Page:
The supplements glucosamine and chondroitin seem to help some people with osteoporosis pain, according a study review published in the Journal of Orthopaedic Surgery and Research. Both substances are found in cartilage, which explains why you’ll often find them sold in the same supplement. While long-term studies haven’t shown that either can slow down cartilage breakdown, says Dr. King, they’re safe and many patients find the combo can ease stiffness and swelling. “If you find something that helps you 5 percent, all we need is to find other things that also help a little,” says Dr. King. “Together, as you move forward, they’re a great part of your plan.” (Don’t miss these other home remedies for arthritis.)

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Sip more water

“The most overlooked supplement is water,” says Dr. King. Between 65 and 80 percent of your cartilage weight is water, which gives it the ability to compress. By staying well hydrated, you can boost the liquid in your cartilage and help them take the impact of your weight as you move, says Dr. King.

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Prioritize exercise

Low-impact exercises like swimming, biking, walking, and lifting weights won’t just keep your weight down, but they’ll also help your cartilage. Using a cyclical motion with biking or deep-water jogging can stimulate your cartilage if you do 60 to 90 cycles per minute, says Dr. Theodosakis. “It sends signals to the cartilage cells to make more cartilage,” he says. He recommends asking a specialist like a physical therapist for sports medicine doctor to help design a program that’s right for you.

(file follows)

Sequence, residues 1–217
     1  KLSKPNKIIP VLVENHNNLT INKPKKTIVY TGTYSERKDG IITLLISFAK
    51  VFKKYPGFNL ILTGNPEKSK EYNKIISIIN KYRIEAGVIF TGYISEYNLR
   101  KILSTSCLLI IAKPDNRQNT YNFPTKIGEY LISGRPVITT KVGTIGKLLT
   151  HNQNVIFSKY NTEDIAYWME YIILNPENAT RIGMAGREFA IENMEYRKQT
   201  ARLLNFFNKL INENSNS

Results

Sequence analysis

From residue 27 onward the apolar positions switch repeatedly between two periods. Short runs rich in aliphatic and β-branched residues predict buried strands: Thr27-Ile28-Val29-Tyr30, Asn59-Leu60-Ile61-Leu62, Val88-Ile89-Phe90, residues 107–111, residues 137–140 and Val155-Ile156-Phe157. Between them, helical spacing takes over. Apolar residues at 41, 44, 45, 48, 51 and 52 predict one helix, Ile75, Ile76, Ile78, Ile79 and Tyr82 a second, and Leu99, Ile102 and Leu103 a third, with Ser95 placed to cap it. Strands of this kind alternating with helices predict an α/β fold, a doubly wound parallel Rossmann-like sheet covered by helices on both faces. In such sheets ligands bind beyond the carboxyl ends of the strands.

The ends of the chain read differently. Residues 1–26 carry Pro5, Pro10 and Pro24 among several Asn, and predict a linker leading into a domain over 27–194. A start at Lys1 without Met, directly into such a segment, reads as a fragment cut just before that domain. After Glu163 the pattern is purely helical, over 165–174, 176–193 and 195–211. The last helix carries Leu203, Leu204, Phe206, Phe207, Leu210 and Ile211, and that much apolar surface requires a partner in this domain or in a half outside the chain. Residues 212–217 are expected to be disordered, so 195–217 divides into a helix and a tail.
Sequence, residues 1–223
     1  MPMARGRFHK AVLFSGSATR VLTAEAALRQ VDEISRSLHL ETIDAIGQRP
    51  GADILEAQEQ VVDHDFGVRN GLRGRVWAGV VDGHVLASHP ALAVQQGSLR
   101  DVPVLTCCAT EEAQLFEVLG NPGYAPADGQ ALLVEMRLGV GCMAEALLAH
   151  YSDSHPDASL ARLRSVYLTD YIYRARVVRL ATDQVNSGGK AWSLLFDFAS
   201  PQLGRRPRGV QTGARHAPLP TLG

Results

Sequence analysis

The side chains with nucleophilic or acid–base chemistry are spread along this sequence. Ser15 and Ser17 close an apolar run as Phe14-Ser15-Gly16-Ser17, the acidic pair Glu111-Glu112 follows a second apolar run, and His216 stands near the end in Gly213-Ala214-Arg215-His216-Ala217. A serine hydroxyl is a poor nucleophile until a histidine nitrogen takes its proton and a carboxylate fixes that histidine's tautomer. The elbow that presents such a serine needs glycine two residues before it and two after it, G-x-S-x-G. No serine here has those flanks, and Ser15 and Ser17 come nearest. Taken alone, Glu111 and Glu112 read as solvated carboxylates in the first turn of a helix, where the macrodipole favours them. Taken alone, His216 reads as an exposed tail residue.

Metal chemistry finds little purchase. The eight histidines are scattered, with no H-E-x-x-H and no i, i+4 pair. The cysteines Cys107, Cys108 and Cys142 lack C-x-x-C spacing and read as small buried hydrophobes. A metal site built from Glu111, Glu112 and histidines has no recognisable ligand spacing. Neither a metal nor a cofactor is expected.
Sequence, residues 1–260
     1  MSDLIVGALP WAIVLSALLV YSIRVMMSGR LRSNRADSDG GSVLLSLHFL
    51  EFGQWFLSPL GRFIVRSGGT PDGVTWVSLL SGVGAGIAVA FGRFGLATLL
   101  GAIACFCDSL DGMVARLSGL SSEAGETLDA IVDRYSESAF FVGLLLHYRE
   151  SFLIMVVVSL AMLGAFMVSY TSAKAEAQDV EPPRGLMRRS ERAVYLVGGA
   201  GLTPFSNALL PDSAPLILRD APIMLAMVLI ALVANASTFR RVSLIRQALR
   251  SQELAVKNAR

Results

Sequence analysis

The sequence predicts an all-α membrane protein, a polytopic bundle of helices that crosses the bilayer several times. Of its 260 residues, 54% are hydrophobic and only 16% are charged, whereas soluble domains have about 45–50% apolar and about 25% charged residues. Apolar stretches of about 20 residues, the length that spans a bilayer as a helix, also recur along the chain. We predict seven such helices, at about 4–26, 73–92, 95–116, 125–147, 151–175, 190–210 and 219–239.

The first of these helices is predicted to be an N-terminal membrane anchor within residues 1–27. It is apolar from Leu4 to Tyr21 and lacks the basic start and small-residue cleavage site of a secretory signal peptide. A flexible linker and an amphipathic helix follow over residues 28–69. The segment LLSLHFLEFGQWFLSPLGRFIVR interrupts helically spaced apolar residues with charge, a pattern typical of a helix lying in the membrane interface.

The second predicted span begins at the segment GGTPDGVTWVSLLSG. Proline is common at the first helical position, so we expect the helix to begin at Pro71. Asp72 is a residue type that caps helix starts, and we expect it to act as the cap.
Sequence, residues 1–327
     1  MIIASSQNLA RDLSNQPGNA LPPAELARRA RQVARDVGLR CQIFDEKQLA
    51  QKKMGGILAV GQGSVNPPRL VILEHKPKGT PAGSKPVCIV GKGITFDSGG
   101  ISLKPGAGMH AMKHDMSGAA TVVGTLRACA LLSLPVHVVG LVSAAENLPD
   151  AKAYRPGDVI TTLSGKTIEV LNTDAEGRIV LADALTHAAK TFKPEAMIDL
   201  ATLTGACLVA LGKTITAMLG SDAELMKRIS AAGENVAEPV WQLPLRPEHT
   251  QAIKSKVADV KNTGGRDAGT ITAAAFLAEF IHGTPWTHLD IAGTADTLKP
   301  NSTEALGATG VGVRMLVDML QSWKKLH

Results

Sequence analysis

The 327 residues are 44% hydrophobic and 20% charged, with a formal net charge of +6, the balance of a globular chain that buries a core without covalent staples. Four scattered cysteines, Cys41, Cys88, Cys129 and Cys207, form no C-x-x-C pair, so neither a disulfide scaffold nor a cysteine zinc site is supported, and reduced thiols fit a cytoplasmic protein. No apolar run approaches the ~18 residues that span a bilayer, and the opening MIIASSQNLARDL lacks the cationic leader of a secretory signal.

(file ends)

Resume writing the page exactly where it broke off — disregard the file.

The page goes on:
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Get instruction before starting an activity

Cartilage injuries can cause permanent damage that leads to arthritis. Prevention is key, so have a trainer teach you the correct form when you’re starting a new sport. “Acute injuries are often from a person’s form not being ideal,” says Dr. Theodosakis. By getting lessons, though, you can lower your risk of cartilage damage, he says. Don’t forget to prioritize this muscle that could save your joints.

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Don’t try to jump right back in the game

If you do have an injury, giving yourself the proper recovery time is vital to preventing further damage. “A joint is nine times more likely to be reinjured than to be injured in the first place,” says Dr. Theodosakis. “You shouldn’t be jumping back into the activity when you’re still hurting.” Anti-inflammatory drugs like ibuprofen might make the symptoms feel better, but hold off if you can. Swelling and pain are signals that your body needs to fix itself, so those medications can hinder your healing, says Dr. King. Start by resting and elevating your knee, and using a compressive knee sleeve before you reach for the medicine cabinet. If the pain still lasts for several days, see a doctor, he says. Next, check out the everyday movements that wreck your joints.